Cable subscribers are dropping something like 5-10% a year, and that’s with sports still pretty much locked up to cable.
If you are in LA and pay for YouTubeTV then I think the Big10 Network likely gets more money for you once USC/UCLA join. When I was at a competitor then sports network negotiations were still very regional for streamers.
But I think the tipping point is the moment some of these start moving over the top (like the much-rumored ESPN offerings).
Cable has gotten more expensive while having more competition. Ten years ago streaming first-run TV shows were a novelty, now they’re everywhere. Look at these numbers even without sports having other options: https://www.statista.com/statistics/251268/number-of-pay-tv-households-in-the-us/
Currently cable and cable channels are propped up by 1) raising prices, primarily defending those prices with sports and 2) advertisers paying price premiums since they aren’t in love with eg skippable YouTube ads and such, and sports is a good fit since there’s nothing to fast forward too. So the moment sports start being less exclusive… it’s gonna accelerate things.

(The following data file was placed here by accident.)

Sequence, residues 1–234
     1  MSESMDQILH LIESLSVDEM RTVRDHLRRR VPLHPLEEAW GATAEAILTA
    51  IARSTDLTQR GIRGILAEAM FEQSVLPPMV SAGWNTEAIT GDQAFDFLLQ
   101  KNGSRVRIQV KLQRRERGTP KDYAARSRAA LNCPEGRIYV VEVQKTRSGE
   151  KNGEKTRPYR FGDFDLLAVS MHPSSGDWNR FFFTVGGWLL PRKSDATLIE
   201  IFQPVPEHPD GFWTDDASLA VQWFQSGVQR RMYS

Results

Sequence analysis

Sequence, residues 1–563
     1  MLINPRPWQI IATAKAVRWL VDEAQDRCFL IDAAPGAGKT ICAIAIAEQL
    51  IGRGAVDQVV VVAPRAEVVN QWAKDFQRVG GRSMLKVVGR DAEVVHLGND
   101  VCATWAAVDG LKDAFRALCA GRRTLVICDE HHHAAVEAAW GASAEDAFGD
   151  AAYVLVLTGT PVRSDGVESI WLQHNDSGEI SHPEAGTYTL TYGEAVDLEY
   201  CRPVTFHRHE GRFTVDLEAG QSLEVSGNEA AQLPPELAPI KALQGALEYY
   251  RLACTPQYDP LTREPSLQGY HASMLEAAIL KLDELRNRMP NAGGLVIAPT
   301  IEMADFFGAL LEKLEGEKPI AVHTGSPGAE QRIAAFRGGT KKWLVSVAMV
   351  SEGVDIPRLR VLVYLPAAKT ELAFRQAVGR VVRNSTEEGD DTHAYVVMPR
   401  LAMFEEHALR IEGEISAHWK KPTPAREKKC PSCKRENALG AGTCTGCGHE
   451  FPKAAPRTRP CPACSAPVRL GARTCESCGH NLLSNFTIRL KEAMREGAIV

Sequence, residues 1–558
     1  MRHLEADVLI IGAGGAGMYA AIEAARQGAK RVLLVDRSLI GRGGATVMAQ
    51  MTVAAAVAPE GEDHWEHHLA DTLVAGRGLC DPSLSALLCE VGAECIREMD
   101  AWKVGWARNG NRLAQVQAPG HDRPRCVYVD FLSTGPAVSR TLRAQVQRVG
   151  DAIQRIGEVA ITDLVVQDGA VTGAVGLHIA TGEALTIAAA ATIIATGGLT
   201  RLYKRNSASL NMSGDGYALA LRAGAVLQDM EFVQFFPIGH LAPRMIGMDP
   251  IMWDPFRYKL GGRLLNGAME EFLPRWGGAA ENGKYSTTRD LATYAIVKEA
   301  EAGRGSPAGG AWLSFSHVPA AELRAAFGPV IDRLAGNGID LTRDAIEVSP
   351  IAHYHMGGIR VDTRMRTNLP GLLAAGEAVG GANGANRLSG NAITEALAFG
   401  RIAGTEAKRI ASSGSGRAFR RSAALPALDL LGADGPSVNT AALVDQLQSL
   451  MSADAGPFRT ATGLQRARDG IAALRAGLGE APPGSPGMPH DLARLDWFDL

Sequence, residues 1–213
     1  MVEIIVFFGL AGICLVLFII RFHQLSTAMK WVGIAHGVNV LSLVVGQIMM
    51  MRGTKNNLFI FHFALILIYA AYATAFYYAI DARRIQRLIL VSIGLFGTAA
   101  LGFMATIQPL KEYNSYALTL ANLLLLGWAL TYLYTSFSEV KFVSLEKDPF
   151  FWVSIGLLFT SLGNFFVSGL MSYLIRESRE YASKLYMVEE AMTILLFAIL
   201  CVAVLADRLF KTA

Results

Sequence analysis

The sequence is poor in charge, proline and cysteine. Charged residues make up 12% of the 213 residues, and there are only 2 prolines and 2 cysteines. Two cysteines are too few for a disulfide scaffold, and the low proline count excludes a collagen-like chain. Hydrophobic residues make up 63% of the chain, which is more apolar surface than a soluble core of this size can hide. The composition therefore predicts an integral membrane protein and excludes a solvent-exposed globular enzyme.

It’s probably going to be a rapid bloodbath in the next decade. The older demographic won’t move quickly, and they’ll still watch CFB, but currently these deals are based on every demographic paying those subscriber fees even if they don’t watch ESPN. That’s gonna both tank the revenue and the importance of markets, once negotiations are no longer market-based.
I expect some sort of bundling to still emerge - Hulu and Amazon have been doing this even for their non-live offerings - but with fewer technological and infrastructure barrier to entry, I think there will be a lot less interest in paying today’s $$$$ for sports when that price is more directly visible to the consumer.